Politics 4 takeaways from Gordon Sondland’s and Kurt Volker’s testimonies
Five takeaways from the first Trump impeachment deposition transcripts
House Democrats on Monday released the first transcripts from their closed-door hearings.The transcripts are the first full public accounting of testimony from former U.S. Ambassador to Ukraine Marie Yovanovitch and former top aide to Secretary of State Mike Pompeo, Michael McKinley.They largely focused on the sequence of events that led to the recalling of Yovanovitch back to the United States.The U.S. ambassador was seen as insufficiently loyal to Trump, and was the subject of a campaign by the White House and its allies to undermine her.Here are five takeaways from the transcripts.
We got two of the most important transcripts of the Ukraine investigation on Tuesday, with the House releasing the depositions of European Union Ambassador Gordon Sondland and former special envoy to Ukraine Kurt Volker. Both were instrumental in managing President Trump’s and Rudolph W. Giuliani’s insistence that Ukraine launch investigations that could benefit Trump politically. They formed two of the so-called “” in charge of that process, along with Energy Secretary Rick Perry.
Below are some key takeaways.
Former diplomat Kurt Volker says Rudy Giuliani was a 'direct conduit' to Ukraine and demanded they publicly announce an investigation into the Bidens
Giuliani pushed discredited allegations that the Bidens were involved in corruption, and the conspiracy that Ukraine interfered in the 2016 election.Volker testified as part of the ongoing impeachment inquiry into Trump, which centers around a whistleblower complaint claiming that the Trump administration withheld a $400 million military aid package in exchange for Ukraine announcing an investigation into the Ukrainian oil and gas company Burisma Holdings - where former Vice President Joe Biden's son Hunter Biden served on the board from 2014 to 2019
1. Sondland strongly confirms a quid pro quo — but doesn’t connect it to Trump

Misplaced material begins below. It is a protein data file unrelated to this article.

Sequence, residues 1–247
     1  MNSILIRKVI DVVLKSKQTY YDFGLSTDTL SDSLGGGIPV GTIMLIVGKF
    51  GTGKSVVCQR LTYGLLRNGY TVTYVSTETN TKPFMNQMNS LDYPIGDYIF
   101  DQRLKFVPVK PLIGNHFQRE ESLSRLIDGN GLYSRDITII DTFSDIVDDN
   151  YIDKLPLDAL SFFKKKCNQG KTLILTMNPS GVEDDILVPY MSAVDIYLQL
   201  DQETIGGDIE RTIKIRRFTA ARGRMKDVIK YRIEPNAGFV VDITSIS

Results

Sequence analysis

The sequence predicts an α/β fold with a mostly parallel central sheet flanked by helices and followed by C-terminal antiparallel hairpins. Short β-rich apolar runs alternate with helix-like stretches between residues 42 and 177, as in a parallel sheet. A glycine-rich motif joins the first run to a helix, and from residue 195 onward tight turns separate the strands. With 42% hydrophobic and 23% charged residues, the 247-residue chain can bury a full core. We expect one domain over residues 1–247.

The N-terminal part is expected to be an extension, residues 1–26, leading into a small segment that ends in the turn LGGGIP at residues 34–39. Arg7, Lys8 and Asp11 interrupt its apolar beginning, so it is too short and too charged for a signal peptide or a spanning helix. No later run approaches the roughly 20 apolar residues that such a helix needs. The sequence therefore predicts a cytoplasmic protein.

We knew that Sondland’s lawyer clarified his testimony, saying Sondland did in fact confirm a quid pro quo.
And now we see that clarification was apparently sent to the impeachment inquiry, too — on Monday. In it, Sondland says there was no other “credible” explanation other than a quid pro quo and confirms the testimonies of acting Ukraine ambassador Bill Taylor and National Security Council aide Tim Morrison and the public comments of Sen. Ron Johnson (R-Wis.), all of whom.
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Sondland said that in “the beginning of September 2019, and in the absence of any credible explanation for the suspension of [hundreds of millions of dollars of military] aid, I presumed that the aid suspension had become linked to the proposed anti-corruption statement” that the Trump team asked Ukraine to make about the investigations. He added that “it would have been natural for me to have voiced what I had presumed to Ambassador Taylor, Senator Johnson, the Ukrainians and Mr. Morrison.”
Sondland also says, as Taylor and Morrison, that he told a top Ukrainian official that the “resumption of U.S. aid would likely not occur until Ukraine provided the public anti-corruption statement that we had been discussing for many weeks.”